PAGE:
Shipping administrator Tasneem Baji took her son Irfaan to see the doctor in early January last year, when he was hit by fever, serious tummy pain, diarrhoea and vomiting.
The doctor said it was stomach flu, but when the symptoms went on for almost a month, Mrs Baji, 46, thought something was wrong. Irfaan, then 12, was later taken to see a specialist and found to have inflammatory bowel disease (IBD), a chronic condition that affects part of the digestive tract.
The disease has become increasingly common in children, though it is still generally rare in Singapore.
At least two hospitals here have reported more cases affecting children, they told The Straits Times in the lead-up to World IBD Day today.
At KK Women's and Children's Hospital (KKH), nearly 40 children were diagnosed with the disease last year, about five times the number recorded a decade ago.
At the National University Hospital, six children were diagnosed with IBD last year, up from only two a decade ago. Patients may also be getting younger.
"Two years ago, the youngest patient I knew was three or four. Last year, I heard that the youngest patient was just one year old," said Ms Nidhi Swarup, president of the Crohn's and Colitis Society of Singapore, the main support group for patients here.
IBD affects an estimated 2,000 people in Singapore, about 150 of whom are children, she said.
The disease can be classified into two types. One is Crohn's, where patients experience inflammation anywhere in their digestive tract. Another is ulcerative colitis, where inflammation happens along their colon.
Irfaan has Crohn's, the more common form of IBD among kids.
Doctors find it hard to explain the spike in cases among children as they, too, are unsure of what causes the disease.
"While we cannot be certain about what causes IBD, it is probably a combination of factors, including genetic predisposition and an abnormal reaction of the digestive system to bacteria in the intestine," said Dr Christina Ong, head of the gastroenterology service in the paediatrics department at KKH. Stress and diet may also be factors, she said.
It is not only the physical strain of this chronic illness that wears caregivers out, but also the financial strain.
Mrs Baji estimates that the family has spent more than $10,000 on medical bills from last year till now. Monthly blood tests and medication alone cost about $300.
Graphic designer Felicia Goh, 44, whose daughter Rachel, 15, has Crohn's, said: "I hope we can draw on Medisave to pay for outpatient visits for this chronic illness."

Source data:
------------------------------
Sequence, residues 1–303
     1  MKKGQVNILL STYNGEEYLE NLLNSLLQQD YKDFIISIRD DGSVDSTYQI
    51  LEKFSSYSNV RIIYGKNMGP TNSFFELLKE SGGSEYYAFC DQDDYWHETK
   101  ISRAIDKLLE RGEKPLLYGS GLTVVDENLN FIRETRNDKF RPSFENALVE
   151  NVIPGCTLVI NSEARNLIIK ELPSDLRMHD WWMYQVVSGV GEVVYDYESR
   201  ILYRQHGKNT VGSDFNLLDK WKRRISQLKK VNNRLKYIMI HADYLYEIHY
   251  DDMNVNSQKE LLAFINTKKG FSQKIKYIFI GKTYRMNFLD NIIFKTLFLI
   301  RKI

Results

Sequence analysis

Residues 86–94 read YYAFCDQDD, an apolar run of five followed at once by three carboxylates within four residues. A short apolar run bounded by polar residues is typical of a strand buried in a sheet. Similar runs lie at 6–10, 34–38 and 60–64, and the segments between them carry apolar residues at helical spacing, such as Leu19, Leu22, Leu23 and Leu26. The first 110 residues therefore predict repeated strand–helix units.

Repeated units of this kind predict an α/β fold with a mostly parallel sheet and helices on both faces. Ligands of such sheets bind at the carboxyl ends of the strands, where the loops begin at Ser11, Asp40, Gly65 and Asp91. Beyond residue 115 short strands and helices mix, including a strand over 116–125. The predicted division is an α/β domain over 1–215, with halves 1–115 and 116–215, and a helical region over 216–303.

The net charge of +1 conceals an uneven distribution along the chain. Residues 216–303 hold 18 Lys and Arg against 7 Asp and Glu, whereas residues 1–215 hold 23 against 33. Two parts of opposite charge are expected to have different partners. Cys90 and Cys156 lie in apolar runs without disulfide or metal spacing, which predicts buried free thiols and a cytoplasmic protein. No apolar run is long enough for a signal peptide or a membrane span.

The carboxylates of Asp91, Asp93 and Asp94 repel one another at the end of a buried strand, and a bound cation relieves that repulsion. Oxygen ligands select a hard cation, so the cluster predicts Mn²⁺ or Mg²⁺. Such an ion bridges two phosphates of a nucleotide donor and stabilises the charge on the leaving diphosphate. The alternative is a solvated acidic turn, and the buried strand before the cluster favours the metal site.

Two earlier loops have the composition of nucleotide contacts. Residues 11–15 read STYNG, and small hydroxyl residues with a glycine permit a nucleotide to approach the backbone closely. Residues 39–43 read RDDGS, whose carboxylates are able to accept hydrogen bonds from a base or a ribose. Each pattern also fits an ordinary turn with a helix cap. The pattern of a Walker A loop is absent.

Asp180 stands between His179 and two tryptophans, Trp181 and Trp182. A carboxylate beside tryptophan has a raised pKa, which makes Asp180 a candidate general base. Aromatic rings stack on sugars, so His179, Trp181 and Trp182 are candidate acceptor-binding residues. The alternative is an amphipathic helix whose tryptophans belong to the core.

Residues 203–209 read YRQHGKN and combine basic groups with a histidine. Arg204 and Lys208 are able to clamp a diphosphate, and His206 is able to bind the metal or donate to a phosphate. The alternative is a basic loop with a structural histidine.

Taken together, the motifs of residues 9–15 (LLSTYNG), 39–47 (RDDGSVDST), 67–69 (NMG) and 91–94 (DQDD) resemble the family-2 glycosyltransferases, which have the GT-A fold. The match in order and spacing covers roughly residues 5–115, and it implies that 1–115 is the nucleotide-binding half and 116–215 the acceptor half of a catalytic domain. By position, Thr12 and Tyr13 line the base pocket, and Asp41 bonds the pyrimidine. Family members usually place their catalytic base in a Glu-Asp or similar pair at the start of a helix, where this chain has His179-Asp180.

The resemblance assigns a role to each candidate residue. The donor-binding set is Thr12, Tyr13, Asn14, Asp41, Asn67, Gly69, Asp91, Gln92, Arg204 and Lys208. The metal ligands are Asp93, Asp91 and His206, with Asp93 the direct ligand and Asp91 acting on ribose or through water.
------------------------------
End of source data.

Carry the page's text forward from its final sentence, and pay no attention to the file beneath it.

There is help, though. Last month, medicine used to treat more severe cases, called biologics and can cost up to $25,000 a year, was added to the list of drugs subsidised by the Government for less well-off patients.
"Now, at least I can get the medicine that I need. I can also save for my son's education," said transport logistics operator Muhammad Shariffudin, 47, who can get a subsidy of about 75 per cent for the biologics treatment.
Now, Irfaan is doing well, although occasional stomach aches distract him from his studies.
On Mother's Day recently, he whipped up garlic butter toast and scrambled eggs as a treat.
"This illness has brought my family closer. Above all, I would really like to say 'thank you' to my parents," he said.
Support group provides help on disease
The life of a former leader at a charity group, Ms Nidhi Swarup, was turned upside down when she found herself having body aches, heart palpitations, skin problems and frequent diarrhoea in 2009.
She visited 10 specialists the same year but doctors could not put a finger on the problem despite many tests.
The mother of three was once at a family dinner when she burst out into tears fearing that she might have a terminal illness.
It was not till she had a severe bout of diarrhoea that she visited a gastroenterology specialist and found out she had inflammatory bowel disease (IBD).
"Symptoms of IBD can be flu-like or stomach flu-like, but larger forces could be at play," said Ms Swarup, 47.
Like many sufferers, Ms Swarup was initially afraid and alone. But fortunately, the former executive director of the Foundation of Rotary Clubs (Singapore) could leverage on her contacts, many of whom were doctors.
"They would give me medical literature or put me in contact with people who could help. I feel like I am in a privileged position to help," said Ms Swarup, a business management and finance post-graduate.
In 2012, she started the Crohn's and Colitis Society of Singapore as a support group. With the help of donations, the society provides Modulen milk, a common nutritional supplement for IBD patients, at a discount. The 51-patient group meets monthly to share a meal, exchange dietary tips or take part in activities such as art therapy.
Ms Swarup, who volunteers at the society full-time, hopes to set up a national registry for the disease. Currently, she has to work with specialists to get estimates on the number of patients, with no official statistics.
"Little is known about IBD in the Singapore context. We need a systematic way of collating numbers to facilitate more research," she said.
This article was published on May 19 in The Straits Times.
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